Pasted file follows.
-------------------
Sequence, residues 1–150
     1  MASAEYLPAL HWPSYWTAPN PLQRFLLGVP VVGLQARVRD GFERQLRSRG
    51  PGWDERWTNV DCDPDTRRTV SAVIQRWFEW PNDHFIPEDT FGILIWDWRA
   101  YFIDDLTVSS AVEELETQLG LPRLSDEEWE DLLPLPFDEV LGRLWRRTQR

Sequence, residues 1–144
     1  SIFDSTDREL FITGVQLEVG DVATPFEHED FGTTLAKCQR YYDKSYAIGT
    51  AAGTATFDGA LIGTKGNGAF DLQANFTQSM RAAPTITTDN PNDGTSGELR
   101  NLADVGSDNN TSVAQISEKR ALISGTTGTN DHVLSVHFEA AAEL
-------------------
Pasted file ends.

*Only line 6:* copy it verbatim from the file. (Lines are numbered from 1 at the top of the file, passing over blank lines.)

     1  SIFDSTDREL FITGVQLEVG DVATPFEHED FGTTLAKCQR YYDKSYAIGT